Interesting how cohorts of canasta specialists know better than Isi ,whose vantage point in Israeli politics should be regarded as a respectable intellectual aid for those passionate about Israel.
      Isi in accurate and reliable, whereas my local communal busy loggers are bitter and badly misled.

    • Ben says:

      Amen to that.

  2. A redirection of the comments against Isi Leibler is more than necessary :

    Isi is offering a genuine political analysis and not a personal psychological cum attack ad hominem against two Israeli literati. The phenomenon presented by Leibler rests on the importance of the disemination of ideogical constructs by individuals with important appeal. Amos Oz and David Grossman avail themselves of the reputation they have acquired as writers to promote politcal stances detrimental to the function of the Government of Israel. Isi is not suggesting that they should not be allowed to do so. The mere fact that Leibler does not agree with their stances carries the same validity as what is claimed by Isi’s critics right here, that what Oz and Grossman should be permitted.
    Isi disagrees with Oz and Grossman in the same spirit as the two writers forcefully disagree with the politics of the Israeli governments. Delving farcically into the personal determinsm, in order to diminish a strictly political comment is simply absurd, invalid.
    I would venture, however, that the stance adopted by Oz of actively seeking the serious questioning of the legitimacy of the politics of Israel, particularly in respect to serious security considertion, could be seen as a irresponsible reactionary attitude, one that can only aid the enemies of Israel. Oz does it with such passion and dedication that one can see why less than insightful individuals could be “seduced” by his “approach”.

  3. gabrielle says:

    Grossman lost his son defending Israel. It is beyond my comprehension that Isi Leibler who spent most of his life in peacefull Australia and is only giving Israel his twilight years dares to critisize him or Amos Oz..

    In Liebelr’s eyes and of many others of his persuasion, whoever is not behind the current regime is a loony, an antisemite, or a self hating Jew. That is not how the clever Jews used to argue.

  4. George says:

    Isi Leibler’s assertion is that even if one is a loyal unreconstructed Zionist (and even lost one’s first born son in battle for the State of Israel, as Grossman has) one needs unequivocally to support the government of the day or be dubbed a traitor, and seemingly an anti-Semite!! This is absurd, unless of course he believe that Israel should become a totalitarian (Stasi-like) state, which would be a disaster. If passionate Zionist stalwarts like Oz and Grossman cannot express their views on the performance of the Israeli Government, irrespective of what that government does and how good or badly it represents and manages Israel, then we are lost. The contributions to Israel made by Oz and Grossman eclipse those made by the whole of the present Knesset put together! Leibler’s article consigns the so called Democratic free state of Israel to the trash can. Next he will recommend that books written by Oz and Grossman be burnt…sound familiar to anyone?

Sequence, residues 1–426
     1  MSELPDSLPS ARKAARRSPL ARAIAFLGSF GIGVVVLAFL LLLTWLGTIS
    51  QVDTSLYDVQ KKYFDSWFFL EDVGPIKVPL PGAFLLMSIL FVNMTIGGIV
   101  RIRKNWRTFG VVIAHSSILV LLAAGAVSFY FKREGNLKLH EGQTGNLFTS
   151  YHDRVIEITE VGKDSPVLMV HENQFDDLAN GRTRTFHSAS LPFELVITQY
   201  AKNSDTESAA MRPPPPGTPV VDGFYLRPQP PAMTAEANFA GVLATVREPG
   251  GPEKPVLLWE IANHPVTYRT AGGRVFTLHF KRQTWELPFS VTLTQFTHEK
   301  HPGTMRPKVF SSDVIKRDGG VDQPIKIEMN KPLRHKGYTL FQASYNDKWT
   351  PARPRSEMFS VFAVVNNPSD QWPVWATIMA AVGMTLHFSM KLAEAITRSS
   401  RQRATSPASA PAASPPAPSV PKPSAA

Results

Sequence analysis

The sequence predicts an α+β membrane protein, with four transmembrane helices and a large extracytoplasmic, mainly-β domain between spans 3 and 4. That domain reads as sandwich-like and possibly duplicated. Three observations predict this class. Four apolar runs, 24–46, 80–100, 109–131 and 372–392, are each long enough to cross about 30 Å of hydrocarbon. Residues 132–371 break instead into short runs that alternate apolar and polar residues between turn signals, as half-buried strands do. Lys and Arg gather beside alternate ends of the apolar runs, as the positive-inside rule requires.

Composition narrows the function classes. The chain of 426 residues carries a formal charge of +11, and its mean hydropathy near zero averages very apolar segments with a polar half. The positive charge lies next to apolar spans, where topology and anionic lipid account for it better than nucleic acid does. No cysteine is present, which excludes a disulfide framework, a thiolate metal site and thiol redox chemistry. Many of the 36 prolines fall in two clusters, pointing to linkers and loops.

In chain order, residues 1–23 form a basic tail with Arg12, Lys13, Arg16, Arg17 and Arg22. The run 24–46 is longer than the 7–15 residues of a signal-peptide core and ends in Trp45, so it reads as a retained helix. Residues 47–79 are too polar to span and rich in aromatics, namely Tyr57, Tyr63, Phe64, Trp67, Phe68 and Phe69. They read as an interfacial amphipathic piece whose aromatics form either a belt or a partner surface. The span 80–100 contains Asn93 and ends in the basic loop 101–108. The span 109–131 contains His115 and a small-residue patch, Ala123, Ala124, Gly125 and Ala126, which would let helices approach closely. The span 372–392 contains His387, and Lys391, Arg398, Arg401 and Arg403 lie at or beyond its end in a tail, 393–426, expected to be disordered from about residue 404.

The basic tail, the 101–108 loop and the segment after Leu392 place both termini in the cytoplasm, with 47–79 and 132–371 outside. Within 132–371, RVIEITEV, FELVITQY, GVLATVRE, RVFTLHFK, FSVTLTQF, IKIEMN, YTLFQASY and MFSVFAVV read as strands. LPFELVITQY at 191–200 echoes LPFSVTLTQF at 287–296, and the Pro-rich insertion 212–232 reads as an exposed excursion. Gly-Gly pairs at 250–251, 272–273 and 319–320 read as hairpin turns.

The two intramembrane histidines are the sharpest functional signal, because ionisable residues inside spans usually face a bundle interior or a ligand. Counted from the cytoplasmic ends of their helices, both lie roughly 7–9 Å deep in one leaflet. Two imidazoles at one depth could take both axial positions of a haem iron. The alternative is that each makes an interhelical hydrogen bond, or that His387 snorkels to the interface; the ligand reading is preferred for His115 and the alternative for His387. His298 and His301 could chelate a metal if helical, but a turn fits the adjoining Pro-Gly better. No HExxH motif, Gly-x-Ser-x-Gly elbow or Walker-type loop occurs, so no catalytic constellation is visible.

5. Lynne Newington says:

    Maybe they’re going to convert to Catholicism.
    They wouldn’t be the first and won’t be the last adding to the feathers in the Vatican cap.

  6. MICHAEL says:

    The Jewish Left best Advocates the Palestinians and Arabs have………

    • Lionel says:

      Anyone who personally served in the IDF and whose children / grandchildren have served [such as Amos Oz & Grossman] has a lot of credibility, and whether they support the Left or the Right in Israel is a right they have earned, whether i or Michael or Isi agree with them or not.
      The talk Oz gave in Melbourne last year does not justify the comment ‘…unhesitatingly exploits every opportunity, even when abroad, to bitterly demonize his government’.
      Not everyone who disagrees with Isi deserves to be attacked this way.

      • Ben says:

        Where is the reality in this rant ? Do writers of honesty have to support racist and aprthied policies and land robbery ? Israeli Jews are free to marry Jews in the West Bank while Israeli Arabs cannot marry Arabs in the West Bank, Palestinians in the West Bank live under Israeli military rule, Israeli Jews under civil rule, Palestinians are routinely denied building permits to build on their own land while their homes, farms and roads are demolished to make way for settlements.
        Liebler is welcome to challenge these facts. Let us deal with facts on the ground being creayed by Israeli governments and ask why they should not be criticised ?